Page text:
ASCBT
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Bangor, County Down

BT20  5BD

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What is OCD?

OCD (Obsessive Compulsive Disorder) is a term that gets banded around a lot - "She is so OCD" or "He is OCD about being tidy", however the term really shouldn't be used as an adjective. OCD-type behaviours can be found in anybody, that does not mean that they are suffering from this very serious illness.

OCD consists of having frequent unwanted or intrusive thoughts that cause distress and this distress then causes a reactive threat-neutralising behaviour. The behaviour may be a physical OR mental action taken to deal with the perceived danger. OCD as a clinical disorder involves a frequency of this type of thinking and behaviour that causes the sufferer serious impairment in their functioning and quality of life. Clinically OCD is the presence of intrusive unwanted thoughts and/OR compulsive ritualistic behaviours.  

OCD thoughts are Ego-dystonic in nature, meaning that they go against our very core value base, the thoughts are terrifying or repulsive to the sufferer and therefore cause extreme distress. The greater the perceived damage the threatening thought can do the greater the sufferer feels a need to act. It is the actions however that maintain the thoughts as with action we give further belief that these thoughts actually carried some kind of meaning and such threat increases our anxiety and feelings of a need to act further.

The following list is taken from www.ocduk.org which would be a very good place to start if you wished to learn more about OCD or seek some support.

Common obsessive thoughts include:
 

  • Worrying that you or something/someone/somewhere is contaminated.

  • Worrying about catching HIV/AIDS or other media publicised illnesses such as Bird Flu or Swine Flu.

  • Worrying that everything needs to be arranged symmetrically or at perpendicular angles so everything is  ‘just right’.

  • Worrying about causing physical or sexual harm to yourself or others.

  • Unwanted or unpleasant sexual thoughts and feelings, including those about sexuality or fear of acting inappropriately towards children.

  • Intrusive violent thoughts.

  • Worrying that something terrible will happen unless you check repeatedly.

  • Worrying that you have caused an accident whilst driving.

  • Having the unpleasant feeling that you are about to shout out obscenities in public.
     

Common compulsive behaviours include:
 

  • Excessive washing of one’s hands or body (thought of being contaminated, by chemical or body fluids from oneself or another person).

  • Excessive cleaning of clothes or rooms in the house,  (thought of having come into contact with germs from the outside or perceived contaminants from bodily fluids   For example contact with dog mess, needles or used condoms).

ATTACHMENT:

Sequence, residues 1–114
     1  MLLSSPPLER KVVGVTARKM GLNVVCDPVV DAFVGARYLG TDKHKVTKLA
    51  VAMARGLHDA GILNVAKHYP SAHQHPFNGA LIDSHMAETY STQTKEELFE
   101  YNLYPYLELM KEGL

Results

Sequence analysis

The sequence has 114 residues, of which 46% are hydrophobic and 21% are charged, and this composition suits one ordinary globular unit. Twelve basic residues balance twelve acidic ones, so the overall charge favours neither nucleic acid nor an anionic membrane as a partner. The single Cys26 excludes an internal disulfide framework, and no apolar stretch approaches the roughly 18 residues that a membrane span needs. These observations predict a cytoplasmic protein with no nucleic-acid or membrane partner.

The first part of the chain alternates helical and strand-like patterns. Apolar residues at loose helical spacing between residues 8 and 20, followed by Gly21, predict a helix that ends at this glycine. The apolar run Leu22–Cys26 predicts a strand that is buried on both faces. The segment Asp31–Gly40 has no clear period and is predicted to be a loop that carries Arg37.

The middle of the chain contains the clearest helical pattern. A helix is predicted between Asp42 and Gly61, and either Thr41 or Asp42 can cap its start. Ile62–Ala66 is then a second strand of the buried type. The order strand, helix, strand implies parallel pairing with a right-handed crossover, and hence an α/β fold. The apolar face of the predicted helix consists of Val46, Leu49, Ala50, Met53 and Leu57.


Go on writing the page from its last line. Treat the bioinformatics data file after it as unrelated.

• Checking that items are arranged ‘just right’ and constantly adjusting inconsequential items, such as pens on a table, until they are aligned to feel ‘just right’ as opposed to looking aligned (thought that something bad may happen to a loved one if not aligned correctly).

  • Mental rituals or thought patterns such as saying a particular phrase, or counting to a certain number, to ‘neutralise’ an obsessional thought (thought that something bad may happen to a loved one if not carried out).

  • Avoiding particular places, people or situations to avoid an OCD thought (be it about harming someone, or contamination fears).

  • Repeatedly opening and sealing letters / greetings cards that one has just written, maybe hundreds of times (fear of writing something offensive by mistake within the letter/card).

  • Constant checking of light switches, handles, taps, locks etc to prevent perceived danger from flooding, break in, gas leak or fire. Checking can be a set number of times to a magical number, and often takes hours at a time to the point where sufferers often avoid going out so as not have to go through the rituals.

  • Saying out loud (or quietly) specific words in response to other words (to prevent disaster happening).

  • Avoidance of kitchen knives and other such instruments, (for example locking them in a drawer) to prevent coming into contact with them (thought of harming someone with a knife inadvertently).  

In therapy we will begin by learning about your OCD, its origin and build an understanding of how it has reached the point that it has. We will discuss the processes that maintains and progresses OCD and obtrusive thoughts will be normalised. It is important to remember that everybody has intrusive thoughts but it is the meaning we attach and our reaction to them that create OCD cycles that cause distress and negative impacts on our functioning.

You will learn about the various cognitive distortions and biases that are commonly at play in OCD presentations and in session we will discuss analogies and do small tasks to test out these biases and the logic that lies behind them.

When you fully understand your OCD and the processes at play, with support we will gradually expose to the anxiety experienced when we do not carry out the compulsion. We will carry out numerous behavioural experiments progressing at a pace you feel comfortable at and challenge and extinguish your anxiety. 

CBT for OCD